Why Android Won't Kill the iPhone

With Google having recently shown off the first Android powered device, there has been much press attention over the open source operating system. Given the problems some iPhone developers are having in writing applications for the Apple device, brought about by a restrictive NDA which prohibits them discussing code and therefore collaboratively solving problems, is Androind going to be a more attractive system for app developers? And if it is, does that mean it's going to be an iPhone-killer? In a word, no. Here's why:
Android is already vey late, Google messed up by keeping developers hanging on. They went some way to trying to repair that, but a lot of damage was already done. The iPhone platform has been around for a year, and the official SDK for several months, giving it a head start.
But the real problem is going to be the handsets. Actually the whole thing is a problem. Android is open source, which means anyone can use it, and anyone (including handset manufacturers) can make their own changes.
So on the one hand you have the iPhone, running Mac OSX (well, iPhone OS which is essentially the same thing). Every copy of iPhone OS is more or less the same (at least if you consider version 2 to be iPhone OS and discount version 1 which is now running on only a minority of devices).
iPhone OS currently runs on only four hardware devices, iPhone 1st generation, iPhone 2n generation (3G), iPod Touch 1st generation, and iPod Touch 2nd generation. Between those, there are only four differences in available hardware: camera (not present in either iPod), GPS (not present in iPhone 1 or either iPod, although location aware services are still supported in both through either wifi interrogation, or cell tower triangulation), phone / cellular network access (iPhone only), and 3G data (only present in iPhone 3g). You could also argue a case for the vibrate function which is iPhone only, but this is such a phone-centric component it hardly warrants a mention.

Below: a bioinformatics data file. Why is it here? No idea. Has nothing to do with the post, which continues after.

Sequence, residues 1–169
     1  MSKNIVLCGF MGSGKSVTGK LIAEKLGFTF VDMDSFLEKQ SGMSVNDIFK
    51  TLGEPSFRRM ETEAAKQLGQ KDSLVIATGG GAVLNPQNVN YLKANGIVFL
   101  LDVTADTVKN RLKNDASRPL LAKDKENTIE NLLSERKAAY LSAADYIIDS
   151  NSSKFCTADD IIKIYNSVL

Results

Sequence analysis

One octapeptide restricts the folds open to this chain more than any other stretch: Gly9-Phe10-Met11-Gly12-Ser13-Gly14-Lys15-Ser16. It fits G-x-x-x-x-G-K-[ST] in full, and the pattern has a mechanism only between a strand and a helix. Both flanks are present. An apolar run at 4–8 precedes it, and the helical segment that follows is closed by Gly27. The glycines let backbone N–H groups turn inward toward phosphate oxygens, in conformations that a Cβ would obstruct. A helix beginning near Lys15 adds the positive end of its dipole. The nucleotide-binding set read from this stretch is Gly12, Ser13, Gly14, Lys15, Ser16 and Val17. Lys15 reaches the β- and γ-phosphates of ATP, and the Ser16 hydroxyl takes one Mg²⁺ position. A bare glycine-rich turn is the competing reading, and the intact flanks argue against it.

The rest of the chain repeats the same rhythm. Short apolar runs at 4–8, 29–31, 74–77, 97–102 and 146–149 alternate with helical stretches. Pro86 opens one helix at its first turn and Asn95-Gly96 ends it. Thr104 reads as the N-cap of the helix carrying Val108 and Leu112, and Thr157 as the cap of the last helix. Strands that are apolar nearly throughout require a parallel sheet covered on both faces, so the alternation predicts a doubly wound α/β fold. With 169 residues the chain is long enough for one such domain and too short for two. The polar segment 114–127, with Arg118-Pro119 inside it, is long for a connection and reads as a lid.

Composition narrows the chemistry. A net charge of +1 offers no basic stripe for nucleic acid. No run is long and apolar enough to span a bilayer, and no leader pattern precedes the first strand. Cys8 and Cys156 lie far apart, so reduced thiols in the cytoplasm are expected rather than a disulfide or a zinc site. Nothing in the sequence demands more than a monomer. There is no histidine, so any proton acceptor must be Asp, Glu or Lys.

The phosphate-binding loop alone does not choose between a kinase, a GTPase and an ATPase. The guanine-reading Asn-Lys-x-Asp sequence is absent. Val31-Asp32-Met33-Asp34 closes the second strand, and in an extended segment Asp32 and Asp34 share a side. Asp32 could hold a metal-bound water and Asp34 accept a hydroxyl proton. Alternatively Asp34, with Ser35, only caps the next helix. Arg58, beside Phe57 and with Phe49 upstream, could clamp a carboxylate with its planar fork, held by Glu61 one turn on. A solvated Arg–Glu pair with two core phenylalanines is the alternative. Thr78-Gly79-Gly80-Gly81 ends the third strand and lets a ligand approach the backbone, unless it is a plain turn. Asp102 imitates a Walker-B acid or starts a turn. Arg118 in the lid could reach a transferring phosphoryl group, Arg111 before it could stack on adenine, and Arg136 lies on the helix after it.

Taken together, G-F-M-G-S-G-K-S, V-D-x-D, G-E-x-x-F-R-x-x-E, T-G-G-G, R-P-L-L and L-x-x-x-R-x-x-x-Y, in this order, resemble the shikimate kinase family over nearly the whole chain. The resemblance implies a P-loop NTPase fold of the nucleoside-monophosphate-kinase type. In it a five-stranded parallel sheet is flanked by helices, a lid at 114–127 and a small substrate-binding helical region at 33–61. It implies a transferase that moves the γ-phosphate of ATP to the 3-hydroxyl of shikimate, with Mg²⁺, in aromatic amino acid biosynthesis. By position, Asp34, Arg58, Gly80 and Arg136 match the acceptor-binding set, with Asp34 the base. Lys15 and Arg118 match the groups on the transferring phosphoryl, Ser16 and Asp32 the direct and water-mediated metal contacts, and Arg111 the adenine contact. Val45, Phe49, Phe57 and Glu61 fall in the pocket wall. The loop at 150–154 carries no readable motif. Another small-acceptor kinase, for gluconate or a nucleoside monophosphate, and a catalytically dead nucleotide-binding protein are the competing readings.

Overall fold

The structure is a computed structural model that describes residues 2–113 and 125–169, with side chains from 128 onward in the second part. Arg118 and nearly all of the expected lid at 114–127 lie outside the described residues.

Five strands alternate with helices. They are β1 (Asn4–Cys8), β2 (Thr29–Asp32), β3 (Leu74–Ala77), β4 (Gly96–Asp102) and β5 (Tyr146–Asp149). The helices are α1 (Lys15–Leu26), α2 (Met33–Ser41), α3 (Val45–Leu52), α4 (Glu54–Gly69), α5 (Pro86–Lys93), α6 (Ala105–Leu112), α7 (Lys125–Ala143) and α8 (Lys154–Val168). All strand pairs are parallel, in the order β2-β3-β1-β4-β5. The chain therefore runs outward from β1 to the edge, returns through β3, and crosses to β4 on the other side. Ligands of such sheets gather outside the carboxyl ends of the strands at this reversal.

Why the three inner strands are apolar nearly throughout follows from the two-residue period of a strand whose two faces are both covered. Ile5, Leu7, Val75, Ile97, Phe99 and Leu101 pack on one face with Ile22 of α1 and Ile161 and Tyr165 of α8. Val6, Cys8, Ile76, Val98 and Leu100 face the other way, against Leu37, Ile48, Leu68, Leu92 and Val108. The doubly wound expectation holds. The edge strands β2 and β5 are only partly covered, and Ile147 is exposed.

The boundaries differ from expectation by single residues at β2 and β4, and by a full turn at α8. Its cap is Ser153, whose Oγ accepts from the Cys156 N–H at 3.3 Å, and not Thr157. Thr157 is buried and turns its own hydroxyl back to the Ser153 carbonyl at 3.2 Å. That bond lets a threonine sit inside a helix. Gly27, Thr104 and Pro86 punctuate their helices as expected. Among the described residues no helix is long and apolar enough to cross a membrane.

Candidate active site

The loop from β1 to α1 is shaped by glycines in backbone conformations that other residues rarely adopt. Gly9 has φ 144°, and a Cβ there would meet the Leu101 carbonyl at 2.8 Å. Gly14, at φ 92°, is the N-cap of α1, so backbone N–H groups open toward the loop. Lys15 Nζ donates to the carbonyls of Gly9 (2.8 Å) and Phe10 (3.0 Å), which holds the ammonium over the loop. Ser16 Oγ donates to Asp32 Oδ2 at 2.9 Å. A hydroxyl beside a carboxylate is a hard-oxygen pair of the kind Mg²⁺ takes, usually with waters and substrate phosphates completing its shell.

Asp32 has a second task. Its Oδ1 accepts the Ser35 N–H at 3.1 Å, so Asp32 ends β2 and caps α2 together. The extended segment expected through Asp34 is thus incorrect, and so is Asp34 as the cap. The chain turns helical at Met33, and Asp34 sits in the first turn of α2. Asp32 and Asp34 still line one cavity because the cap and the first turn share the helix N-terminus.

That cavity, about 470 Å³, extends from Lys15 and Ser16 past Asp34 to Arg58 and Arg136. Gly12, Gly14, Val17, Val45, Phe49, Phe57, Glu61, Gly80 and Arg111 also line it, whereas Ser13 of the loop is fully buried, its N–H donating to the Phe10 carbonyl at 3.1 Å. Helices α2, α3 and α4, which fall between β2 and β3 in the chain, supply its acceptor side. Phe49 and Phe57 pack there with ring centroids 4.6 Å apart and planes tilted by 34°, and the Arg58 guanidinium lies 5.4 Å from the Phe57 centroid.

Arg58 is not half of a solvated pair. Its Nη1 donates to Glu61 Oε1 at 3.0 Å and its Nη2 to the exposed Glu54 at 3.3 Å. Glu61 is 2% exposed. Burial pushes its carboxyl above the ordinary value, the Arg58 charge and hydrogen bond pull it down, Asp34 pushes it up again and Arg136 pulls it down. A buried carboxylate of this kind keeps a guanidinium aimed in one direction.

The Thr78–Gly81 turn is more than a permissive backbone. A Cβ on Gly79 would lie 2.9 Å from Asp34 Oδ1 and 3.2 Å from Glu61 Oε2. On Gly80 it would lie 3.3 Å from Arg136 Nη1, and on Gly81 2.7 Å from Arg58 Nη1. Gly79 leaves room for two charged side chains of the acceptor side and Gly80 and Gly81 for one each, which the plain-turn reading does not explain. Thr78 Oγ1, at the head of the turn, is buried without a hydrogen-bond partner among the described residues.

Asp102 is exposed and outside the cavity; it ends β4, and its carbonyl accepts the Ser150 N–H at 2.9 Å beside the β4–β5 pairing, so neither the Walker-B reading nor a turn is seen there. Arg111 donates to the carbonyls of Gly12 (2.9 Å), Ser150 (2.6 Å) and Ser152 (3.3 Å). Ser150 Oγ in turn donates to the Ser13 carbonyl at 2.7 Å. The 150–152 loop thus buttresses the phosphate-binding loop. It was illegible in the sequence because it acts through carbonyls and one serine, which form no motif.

So if you want to write an application for iPhone OS, it's relatively easy because you know exactly what you're dealing with. For example, if you need to access a picture, the OS does all the heavy lifting for you - it gives you an easy way to check if you have a camera available. If you have, it lets you access it in a standard way, if not you get access to the built in Photos app. Either way, you know you will get access to pictures in a standard way.
If you want location based services, well you get access on all the hardware. If you happen to find yourself running on an iPhone 3G, the operating system will provide GPS data so you're location stuff will be more accurate, but it will still work on the other hardware.
Everything else is the same across all the devices - same screen size, resolution, languages, keyboards, accelerometers, audio capabilities, etc etc.
Compare that to an Android device. Just on the hardware side alone, you could be running on any one of potentially hundreds of difference devices. You don't know what screen size you have - it could be large like the iPhone, could be tiny like a Nokia flip phone. So already, how do you even start to design a user interface when you don't know how much space you have to do it in?